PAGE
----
The Gap between Panels / the Speed of Comics

Talking about comics is hard at the best of times, especially so when comics are long. And comics are long a lot of the time. Canonical books like Sandman, Preacher, The Invisibles and Transmetropolitan(standard recommendations for newbies and perennials on library shelves) run over 50 issues and took years to produce. They are also formidable undertakings to read, digest and think about.

However, all of those collected trades were initially serialised (if you’re lucky) on a monthly basis as floppies. If you read trades, you’re getting probs six issues compiled into chunks that come out (if you’re lucky) every six months or so. And that serialization means that comics can also be very short. If you’re reading every month that’s just 22 pages – maybe six to ten ‘scenes’ to take the story forward.

 A lot of comics therefore have to work at three different speeds all at once – issue, trade, series. I’m using the word “speed” deliberately here – rapid binge-reading is easy when you’ve just borrowed every Hellboy book in the library. If you’re waiting patiently for the next issue of Saga to come out, you’re gonna wanna pore over it.


And you’re going to read it differently. Focusing on a single issue will privilege the immediate sensation of the story and the artwork. You might pick up on the information revealed by the way a character is dressed, or the mood set by how a panel is coloured, or the peculiar appropriateness of a well-chosen line of dialogue, far more.

On the other hand, reading a bunch of trades all at once privileges the big picture. You’re more likely to spot the connections and contrasts across issues – those bits of repetition that build meaning. You will be able to see characters develop, the world change, and out of that process the themes of the work will reveal themselves.

Apologies if all this is stating the obvious. I do so to make two points:

1. Producing a story that works at three different speeds is an impressive technical achievement. Just imagine how frustrating it must be to try to corral your story into 22 page units – the amount of cool stuff that has to be jettisoned or distorted in order to fit the narrative into a series of identically-sized boxes. Screenplays or novels have their own rules, but it’s hard to imagine them being more onerous than the demands of writing comics.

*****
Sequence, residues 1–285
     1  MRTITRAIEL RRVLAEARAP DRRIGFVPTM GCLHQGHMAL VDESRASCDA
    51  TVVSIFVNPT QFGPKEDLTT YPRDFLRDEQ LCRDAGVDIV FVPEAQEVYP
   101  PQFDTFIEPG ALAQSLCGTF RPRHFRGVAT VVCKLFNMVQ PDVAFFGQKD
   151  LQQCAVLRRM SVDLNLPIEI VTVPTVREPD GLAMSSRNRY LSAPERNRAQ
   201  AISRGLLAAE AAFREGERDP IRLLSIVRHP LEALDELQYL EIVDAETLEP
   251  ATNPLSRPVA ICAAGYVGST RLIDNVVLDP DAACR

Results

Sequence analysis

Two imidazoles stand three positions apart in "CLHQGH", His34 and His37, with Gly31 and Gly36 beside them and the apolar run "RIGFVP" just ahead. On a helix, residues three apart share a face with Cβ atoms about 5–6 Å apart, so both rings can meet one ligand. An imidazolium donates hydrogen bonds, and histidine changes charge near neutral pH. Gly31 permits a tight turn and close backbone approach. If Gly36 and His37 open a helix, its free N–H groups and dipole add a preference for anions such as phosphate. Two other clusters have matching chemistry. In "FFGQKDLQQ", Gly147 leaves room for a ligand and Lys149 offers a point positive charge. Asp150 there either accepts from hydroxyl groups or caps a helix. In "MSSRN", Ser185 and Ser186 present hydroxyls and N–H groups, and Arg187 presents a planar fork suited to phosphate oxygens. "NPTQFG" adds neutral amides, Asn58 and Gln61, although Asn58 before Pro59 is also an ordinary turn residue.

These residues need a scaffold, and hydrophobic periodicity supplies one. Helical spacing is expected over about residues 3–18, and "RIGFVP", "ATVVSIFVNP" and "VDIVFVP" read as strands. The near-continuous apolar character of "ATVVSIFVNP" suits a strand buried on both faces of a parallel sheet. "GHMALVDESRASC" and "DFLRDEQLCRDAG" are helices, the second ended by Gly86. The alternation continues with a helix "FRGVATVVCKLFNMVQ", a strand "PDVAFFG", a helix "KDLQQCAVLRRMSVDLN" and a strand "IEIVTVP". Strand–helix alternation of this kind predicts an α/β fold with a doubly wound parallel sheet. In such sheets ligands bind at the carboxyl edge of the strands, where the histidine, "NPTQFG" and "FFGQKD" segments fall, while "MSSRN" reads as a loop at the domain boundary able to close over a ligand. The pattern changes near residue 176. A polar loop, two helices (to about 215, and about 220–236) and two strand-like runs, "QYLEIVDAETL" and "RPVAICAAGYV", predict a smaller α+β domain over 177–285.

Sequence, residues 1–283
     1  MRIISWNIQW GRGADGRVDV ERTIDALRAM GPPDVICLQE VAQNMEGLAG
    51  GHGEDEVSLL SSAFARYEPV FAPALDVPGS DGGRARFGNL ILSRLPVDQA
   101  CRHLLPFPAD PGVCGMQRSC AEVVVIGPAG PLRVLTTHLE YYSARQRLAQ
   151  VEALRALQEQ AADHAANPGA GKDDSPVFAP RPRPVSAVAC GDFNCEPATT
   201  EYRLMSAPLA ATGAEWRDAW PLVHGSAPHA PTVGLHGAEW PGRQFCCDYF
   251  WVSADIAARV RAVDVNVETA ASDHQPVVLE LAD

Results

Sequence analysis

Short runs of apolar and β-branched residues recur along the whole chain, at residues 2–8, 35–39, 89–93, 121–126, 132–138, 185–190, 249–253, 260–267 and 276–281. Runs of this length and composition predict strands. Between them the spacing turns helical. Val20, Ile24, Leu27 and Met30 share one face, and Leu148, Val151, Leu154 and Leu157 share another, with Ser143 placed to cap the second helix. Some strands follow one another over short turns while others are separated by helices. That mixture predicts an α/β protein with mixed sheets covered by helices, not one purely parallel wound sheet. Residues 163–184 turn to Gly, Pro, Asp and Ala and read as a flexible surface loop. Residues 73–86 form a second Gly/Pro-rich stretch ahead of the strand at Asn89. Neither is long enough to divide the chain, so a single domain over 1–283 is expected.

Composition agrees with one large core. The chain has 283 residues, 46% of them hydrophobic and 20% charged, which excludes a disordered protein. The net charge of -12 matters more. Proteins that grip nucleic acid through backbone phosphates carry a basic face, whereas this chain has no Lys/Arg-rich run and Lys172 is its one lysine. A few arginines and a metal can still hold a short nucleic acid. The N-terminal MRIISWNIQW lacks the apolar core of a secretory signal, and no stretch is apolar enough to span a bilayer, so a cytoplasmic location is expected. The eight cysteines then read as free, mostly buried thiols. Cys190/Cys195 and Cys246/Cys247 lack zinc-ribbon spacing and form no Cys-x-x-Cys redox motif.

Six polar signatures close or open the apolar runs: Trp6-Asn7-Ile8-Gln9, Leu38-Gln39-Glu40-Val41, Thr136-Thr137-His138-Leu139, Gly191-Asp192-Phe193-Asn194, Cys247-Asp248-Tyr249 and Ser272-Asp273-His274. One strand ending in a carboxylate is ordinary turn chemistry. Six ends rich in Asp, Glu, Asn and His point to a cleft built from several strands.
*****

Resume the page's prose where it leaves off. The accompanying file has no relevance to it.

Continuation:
2. Although we read at different speeds, we always do this at the same time. That is to say: despite the various exigencies of the format pulling us to read in this way and that, we can and should be able to pay attention to both craft and themes as we’re reading.

Craft is always difficult, I know. As much as it is important to know the pain that creators have to go through to make their books seamless to read, a lot of that talk is still shoptalk – the equivalent of film buffs talking about camera lenses. Nevertheless, issue by issue discussions of the sensory impact of a panel or layout can be fascinating. I’m actually quite bad at participating in those conversations, but I think that’s partly because I haven’t found many places where they are happening.

The big picture is easier, although here my worry is conversations tend to coagulate around the discovery of a hot new book, rather than the excellent conclusion of a long running series. I know that Sex Criminals is technically impressive (in the widest possible sense of the word ‘technical’), but I’d struggle to sum up exactly what the book will end up being about. Meanwhile, the Unwritten wrapped up last year and deserves more scrutiny than it has received. Good treatments of those canonical series I mentioned at the start do exist, but my sense is that they are too few and far between. Instead, a lot of comics talk is caught uncomfortably between a focus on craft and themes, tripping over the different speeds of the issue, trade, and series.

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